Expert interview tips and techniques to get you that job
Via GQ Magazine : Expert interview tips and techniques to get you that job
Step up your interview game with expert interview tips and techniques from Rehearse It!
It’s 11am on a Friday and in a regal room in London’s Theatre Royal, Drury Lane, I’m having a fake job interview with a fake job interviewer. Again and again. A film director is observing me, telling me after each dry run what I’m doing wrong. I’ve been asked to pretend this room is a lobby where I’ve just met my fake interviewer and we’re walking towards a nonexistent interview room. I’ve been told to make small talk and as I ask my fake potential employer about the statues in front of us she improvises back, reeling off some false history, gesticulating.
“OK, stop,” says the director. “That was good, but you weren’t mirroring enough. Let’s try it again and be more overt with your arm movements.” We go again and I swing my arms around in line with my interviewer’s as she talks. I feel ridiculous, but the director is happy. This, apparently, will help me get a job.
This is the mission at Rehearse It! (their exclamation mark): getting people hired. Since the company launched in March 2016, it says it has had 96 per cent success. It won’t get Joe Schmo into Nasa, but if you’re qualified and keep crashing down at interview hurdles, the people here can help. At one-day group workshops, you’ll be given a primer in the behavioural science that underlies what they teach, then undertake practical rehearsals that deconstruct the interview process and help you to become a shining star.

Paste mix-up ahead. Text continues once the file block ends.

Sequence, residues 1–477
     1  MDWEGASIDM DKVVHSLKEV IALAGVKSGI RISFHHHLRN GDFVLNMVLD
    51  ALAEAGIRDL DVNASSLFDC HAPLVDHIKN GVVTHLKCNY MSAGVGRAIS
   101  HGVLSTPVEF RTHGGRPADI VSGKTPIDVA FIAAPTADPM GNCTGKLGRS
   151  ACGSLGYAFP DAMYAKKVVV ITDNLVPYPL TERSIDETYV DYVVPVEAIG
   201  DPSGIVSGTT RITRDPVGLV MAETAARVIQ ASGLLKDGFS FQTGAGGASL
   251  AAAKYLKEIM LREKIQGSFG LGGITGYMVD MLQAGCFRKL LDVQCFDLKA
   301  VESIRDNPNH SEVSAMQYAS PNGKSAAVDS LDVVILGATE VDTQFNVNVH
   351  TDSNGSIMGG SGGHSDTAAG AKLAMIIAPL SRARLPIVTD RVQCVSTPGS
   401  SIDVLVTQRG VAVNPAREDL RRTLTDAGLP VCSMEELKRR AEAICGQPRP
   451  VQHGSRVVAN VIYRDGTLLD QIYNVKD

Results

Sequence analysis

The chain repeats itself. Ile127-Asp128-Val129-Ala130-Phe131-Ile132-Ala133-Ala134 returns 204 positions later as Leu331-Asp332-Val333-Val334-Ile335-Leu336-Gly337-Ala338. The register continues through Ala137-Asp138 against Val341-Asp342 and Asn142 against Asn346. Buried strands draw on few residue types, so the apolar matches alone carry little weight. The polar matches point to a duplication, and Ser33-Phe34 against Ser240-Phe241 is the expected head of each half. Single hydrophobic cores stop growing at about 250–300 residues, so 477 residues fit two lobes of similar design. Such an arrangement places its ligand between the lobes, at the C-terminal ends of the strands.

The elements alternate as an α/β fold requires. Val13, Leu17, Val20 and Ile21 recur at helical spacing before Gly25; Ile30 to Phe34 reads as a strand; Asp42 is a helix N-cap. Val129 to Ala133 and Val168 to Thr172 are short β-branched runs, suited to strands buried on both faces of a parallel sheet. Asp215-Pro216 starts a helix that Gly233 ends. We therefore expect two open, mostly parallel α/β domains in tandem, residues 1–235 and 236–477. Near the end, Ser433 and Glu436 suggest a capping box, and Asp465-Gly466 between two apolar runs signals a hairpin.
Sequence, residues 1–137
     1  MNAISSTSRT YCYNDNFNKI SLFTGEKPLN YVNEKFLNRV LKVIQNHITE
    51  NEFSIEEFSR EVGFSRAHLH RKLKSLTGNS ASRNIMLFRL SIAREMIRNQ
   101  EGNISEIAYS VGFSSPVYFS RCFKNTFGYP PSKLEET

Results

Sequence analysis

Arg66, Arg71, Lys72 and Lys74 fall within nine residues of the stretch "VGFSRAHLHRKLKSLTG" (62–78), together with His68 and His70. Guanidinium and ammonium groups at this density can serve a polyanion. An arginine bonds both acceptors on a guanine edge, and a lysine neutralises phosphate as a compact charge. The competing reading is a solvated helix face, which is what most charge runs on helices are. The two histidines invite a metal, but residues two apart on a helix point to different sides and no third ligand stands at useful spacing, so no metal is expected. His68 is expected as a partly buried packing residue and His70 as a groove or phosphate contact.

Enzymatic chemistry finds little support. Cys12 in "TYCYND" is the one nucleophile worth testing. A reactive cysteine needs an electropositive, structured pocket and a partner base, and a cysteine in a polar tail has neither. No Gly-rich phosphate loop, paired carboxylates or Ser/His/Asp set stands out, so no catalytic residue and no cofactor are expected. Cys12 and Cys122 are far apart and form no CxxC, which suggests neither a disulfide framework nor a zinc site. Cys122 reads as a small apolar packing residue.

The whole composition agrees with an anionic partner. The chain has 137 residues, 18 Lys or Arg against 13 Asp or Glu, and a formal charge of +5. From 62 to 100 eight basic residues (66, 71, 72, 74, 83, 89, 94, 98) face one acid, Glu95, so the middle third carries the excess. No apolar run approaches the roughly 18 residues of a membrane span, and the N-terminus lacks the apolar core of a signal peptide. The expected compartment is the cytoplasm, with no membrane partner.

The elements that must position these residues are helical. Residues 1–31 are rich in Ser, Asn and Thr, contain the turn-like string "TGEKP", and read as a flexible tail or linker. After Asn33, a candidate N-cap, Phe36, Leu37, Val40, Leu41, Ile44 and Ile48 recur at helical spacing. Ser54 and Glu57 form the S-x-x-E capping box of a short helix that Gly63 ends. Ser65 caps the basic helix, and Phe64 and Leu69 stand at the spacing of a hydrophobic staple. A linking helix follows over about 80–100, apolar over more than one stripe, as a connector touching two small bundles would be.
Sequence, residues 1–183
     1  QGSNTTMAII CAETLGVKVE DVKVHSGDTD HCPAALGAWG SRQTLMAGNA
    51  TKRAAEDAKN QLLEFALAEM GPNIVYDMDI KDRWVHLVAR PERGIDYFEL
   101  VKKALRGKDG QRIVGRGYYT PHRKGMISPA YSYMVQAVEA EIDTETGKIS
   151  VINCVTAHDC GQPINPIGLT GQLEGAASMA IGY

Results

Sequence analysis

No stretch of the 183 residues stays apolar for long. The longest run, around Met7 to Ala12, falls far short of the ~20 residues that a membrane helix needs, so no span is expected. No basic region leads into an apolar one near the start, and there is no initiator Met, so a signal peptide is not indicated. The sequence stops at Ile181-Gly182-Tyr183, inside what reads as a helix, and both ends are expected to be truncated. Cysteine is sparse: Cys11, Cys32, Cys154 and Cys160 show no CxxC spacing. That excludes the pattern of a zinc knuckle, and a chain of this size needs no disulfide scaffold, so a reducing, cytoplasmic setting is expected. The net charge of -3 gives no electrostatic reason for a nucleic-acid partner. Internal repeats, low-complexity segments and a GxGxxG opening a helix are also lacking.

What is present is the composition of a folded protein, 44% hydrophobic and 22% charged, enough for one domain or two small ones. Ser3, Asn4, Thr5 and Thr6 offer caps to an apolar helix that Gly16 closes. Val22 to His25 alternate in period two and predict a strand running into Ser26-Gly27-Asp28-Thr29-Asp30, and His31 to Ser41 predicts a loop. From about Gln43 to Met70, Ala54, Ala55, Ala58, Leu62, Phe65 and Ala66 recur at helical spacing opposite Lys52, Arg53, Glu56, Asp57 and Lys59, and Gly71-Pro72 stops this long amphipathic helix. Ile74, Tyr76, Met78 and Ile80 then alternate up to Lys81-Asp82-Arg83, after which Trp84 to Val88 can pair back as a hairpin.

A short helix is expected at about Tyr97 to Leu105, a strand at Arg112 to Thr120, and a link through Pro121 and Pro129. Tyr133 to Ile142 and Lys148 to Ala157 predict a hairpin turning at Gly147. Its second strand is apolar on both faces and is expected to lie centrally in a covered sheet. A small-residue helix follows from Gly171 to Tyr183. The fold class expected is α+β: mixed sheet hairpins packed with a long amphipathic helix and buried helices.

“Our performance is way more important than the content of what we’re saying,” says Rehearse It!’s erudite founder, Robin Roberts. “A powerful actor can say some lame things and come across as being a man of great gravitas and insight. Another guy can say cleverthings, but say them in a rubbish way and be judged as not knowing much.”
He speaks proudly of a 25-year-old client who was failing in his quest to become an asset manager because he found the interviews too stressful. After being put through his paces at Rehearse It!, he landed a corker.
Before setting up the company last year, Roberts spent two decades at an executive search firm, where he was a senior partner. There, he saw many board candidates “totally screw up their interviews”. Feedback would be that these candidates were hopeless; he knew that they were not. Intrigued, he began to research why it was happening, and began thinking about what he could do to help.
Back in my fake job interview, I’ve made it to the fake office. My interviewer, sitting opposite me, asks about my journey in. I was genuinely late thanks to a slew of delayed trains. She tells me she rather likes train delays as it gives her more time to sit and think before getting to work. I disagree (the delay had made me rather grumpy), but after cutting us off, the director tells me I shouldn’t have. Negative grumbling isn’t going to do me any favours, he says – I need to find some positive agreement to start forming that bond. We go again.